Two longer stories plus a short taster provide a second satisfying outing for Robbie Morrison on the twelfth Doctor Who (Peter Capaldi version for those who don’t keep count).

As seen in Terrorformer, there were no teething problems for Morrison in capturing an authentic voice for the Doctor. The eccentricity, the impatient frustration at the shortcomings of others, and the arrogance all come through very clearly in the dialogue, which is important in a story featuring a Mockney estate agent serving as host for other-dimensional threats. Langauge is something Morrison plays with throughout, riffing around companion Clara being an English teacher.

Morrison’s also good at providing the variety reflecting the TV episodes. His first story mixes the other-dimensional threats with the more human tragedy of a father of two children being killed in a car crash. What’s the story when he returns? A nice touch about that is numerous people are possessed, and they’re not just treated as residual casualties, but become the focus of the final act’s rescue attempt. After that it’s ‘Gangland’, a jump back to the Las Vegas of the 1960s where an alien turns up with legendary time gun of Rassilon, a device capable of wiping a person and their history from existence. Morrison lays it on the table at the beginning, then relates how events reached that point. The plot is his twist on Mars Attacks, and it’s a lot of fun.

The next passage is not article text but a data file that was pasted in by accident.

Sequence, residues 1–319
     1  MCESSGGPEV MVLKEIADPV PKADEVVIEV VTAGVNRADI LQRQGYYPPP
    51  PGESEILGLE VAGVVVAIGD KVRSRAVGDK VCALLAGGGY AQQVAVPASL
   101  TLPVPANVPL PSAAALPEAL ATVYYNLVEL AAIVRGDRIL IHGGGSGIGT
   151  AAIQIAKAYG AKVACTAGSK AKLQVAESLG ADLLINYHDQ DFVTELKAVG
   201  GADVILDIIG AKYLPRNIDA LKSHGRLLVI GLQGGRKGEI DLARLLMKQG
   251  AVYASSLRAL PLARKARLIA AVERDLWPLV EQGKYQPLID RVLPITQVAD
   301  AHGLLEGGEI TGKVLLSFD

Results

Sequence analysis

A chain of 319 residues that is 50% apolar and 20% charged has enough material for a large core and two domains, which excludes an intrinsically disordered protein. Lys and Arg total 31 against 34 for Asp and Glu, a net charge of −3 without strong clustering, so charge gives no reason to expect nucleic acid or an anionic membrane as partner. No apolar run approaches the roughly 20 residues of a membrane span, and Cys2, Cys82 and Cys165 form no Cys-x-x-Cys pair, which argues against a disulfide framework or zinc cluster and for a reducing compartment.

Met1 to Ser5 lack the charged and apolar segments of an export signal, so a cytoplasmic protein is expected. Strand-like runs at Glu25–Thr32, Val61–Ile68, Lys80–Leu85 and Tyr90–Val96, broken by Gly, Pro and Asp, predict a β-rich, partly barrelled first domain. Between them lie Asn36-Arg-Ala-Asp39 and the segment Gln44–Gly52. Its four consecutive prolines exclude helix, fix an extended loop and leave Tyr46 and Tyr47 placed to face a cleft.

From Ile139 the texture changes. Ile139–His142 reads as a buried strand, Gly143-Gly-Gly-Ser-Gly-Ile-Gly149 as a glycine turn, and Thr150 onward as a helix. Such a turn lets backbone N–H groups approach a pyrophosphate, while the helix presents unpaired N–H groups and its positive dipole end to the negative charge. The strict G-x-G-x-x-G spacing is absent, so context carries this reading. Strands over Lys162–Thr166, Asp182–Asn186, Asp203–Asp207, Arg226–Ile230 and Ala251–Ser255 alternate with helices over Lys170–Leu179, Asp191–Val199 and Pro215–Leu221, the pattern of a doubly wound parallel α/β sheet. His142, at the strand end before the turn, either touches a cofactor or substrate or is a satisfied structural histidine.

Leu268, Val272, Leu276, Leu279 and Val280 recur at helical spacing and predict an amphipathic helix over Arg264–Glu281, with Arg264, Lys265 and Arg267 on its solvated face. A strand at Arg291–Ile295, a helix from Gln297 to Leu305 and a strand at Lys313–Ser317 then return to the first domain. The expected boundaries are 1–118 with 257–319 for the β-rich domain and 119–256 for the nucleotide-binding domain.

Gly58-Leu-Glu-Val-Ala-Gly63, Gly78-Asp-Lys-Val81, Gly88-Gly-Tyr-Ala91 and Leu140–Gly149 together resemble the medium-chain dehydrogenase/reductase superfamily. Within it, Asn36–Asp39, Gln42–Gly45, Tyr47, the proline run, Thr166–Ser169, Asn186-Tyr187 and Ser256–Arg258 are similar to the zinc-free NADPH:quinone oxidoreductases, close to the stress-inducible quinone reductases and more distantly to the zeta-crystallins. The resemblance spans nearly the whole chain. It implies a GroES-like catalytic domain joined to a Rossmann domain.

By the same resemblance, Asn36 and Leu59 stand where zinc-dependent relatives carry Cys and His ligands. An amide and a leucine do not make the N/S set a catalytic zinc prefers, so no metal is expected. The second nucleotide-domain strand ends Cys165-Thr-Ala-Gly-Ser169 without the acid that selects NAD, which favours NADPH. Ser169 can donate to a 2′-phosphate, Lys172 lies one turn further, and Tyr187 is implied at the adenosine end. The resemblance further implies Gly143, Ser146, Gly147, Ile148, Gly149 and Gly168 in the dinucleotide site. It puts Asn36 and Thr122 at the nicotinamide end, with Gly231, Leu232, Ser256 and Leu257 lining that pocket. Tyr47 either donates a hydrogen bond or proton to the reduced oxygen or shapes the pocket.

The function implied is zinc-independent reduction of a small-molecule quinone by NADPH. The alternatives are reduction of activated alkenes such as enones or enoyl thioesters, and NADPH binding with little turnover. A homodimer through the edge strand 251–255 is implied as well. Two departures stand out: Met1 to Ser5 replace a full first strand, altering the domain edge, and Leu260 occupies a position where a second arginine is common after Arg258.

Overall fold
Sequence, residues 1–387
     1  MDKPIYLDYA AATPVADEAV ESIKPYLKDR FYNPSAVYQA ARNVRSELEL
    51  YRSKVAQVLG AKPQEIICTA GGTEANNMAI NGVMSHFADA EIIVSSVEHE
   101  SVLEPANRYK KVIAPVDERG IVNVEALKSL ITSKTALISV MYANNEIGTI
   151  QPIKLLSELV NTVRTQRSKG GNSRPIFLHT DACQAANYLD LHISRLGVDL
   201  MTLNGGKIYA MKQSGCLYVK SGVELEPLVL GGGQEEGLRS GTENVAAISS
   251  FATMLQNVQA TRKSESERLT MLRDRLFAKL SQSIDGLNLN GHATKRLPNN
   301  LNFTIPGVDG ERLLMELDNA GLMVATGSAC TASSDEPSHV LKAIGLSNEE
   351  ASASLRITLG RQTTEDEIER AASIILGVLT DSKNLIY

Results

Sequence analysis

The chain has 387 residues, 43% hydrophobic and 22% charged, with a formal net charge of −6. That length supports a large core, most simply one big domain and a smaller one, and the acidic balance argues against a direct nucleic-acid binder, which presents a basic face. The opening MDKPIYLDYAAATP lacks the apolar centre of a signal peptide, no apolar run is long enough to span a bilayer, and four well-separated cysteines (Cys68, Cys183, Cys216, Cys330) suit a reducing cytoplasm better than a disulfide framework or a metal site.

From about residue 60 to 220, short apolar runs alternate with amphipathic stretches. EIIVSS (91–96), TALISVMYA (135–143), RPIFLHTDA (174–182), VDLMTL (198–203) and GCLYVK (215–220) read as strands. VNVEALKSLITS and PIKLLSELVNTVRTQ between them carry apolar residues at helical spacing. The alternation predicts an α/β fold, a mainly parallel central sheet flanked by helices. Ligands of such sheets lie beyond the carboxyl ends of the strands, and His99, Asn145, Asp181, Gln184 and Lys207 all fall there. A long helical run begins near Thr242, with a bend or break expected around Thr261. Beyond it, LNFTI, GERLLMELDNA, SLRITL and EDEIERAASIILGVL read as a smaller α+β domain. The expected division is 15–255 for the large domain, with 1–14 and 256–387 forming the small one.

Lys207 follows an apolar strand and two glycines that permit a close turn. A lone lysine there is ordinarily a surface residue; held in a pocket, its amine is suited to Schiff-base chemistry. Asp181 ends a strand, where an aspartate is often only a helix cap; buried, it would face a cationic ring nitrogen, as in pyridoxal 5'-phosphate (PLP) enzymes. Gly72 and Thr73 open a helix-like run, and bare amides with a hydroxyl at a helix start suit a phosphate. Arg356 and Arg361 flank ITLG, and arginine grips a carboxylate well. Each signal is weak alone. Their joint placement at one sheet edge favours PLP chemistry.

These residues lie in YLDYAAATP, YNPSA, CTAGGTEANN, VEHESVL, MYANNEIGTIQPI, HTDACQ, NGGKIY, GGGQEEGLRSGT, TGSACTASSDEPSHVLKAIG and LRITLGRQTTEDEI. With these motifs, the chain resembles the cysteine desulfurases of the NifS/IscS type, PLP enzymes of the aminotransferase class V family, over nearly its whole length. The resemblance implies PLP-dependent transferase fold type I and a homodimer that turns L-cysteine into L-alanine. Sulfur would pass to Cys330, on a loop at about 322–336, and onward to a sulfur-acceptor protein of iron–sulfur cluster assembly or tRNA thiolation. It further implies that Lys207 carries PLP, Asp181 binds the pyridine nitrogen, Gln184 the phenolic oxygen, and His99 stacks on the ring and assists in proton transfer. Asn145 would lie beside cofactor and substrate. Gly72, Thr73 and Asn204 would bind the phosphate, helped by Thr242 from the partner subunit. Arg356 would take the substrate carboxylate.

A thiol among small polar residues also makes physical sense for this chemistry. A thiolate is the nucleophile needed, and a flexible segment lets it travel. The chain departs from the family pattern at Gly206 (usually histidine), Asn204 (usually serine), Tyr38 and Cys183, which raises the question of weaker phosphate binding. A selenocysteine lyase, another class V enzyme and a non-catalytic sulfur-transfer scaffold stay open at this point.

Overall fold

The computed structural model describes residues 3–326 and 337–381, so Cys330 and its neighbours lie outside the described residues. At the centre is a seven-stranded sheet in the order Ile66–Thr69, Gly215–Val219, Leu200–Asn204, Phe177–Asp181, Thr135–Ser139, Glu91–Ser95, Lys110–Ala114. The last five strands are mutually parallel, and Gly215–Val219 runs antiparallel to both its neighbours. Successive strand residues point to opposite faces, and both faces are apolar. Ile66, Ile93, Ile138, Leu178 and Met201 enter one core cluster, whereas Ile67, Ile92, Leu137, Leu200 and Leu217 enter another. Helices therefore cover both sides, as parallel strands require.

Although apparently naming them accurately isn’t on the agenda, Brian Williamson needs to provide several likenesses of very well known people beyond the Doctor and Clara as the legendary Las Vegas “Wolf Pack” are introduced in all their compromised, sharp-suited glory. Williamson has a little trouble with Dean Martin, but everyone else is good, and while he might have had it easy over the opening story with wispy aliens, he really goes to town in the second, and his illustration of gangsters facing the octopus-like Cybock Imperium in a casino is a lowbrow gem.

The short story is lower on humour and higher on reflection, with the opening point being Clara wondering what type of companion she is to the Doctor. It doesn’t seem in character, but George Mann’s plot otherwise delivers an action story in a restricted number of pages, originally prepared for Free Comic Book Day in 2015. Mariano Laclaustra is a fine enough artist, but his faces have the fixed quality associated with copying from images, something Williamson manages more naturally.

This is another very enjoyable collection, and Morrison’s work on the series continues with Hyperion. Alternatively they’re both available in Doctor Who: The Complete Year One.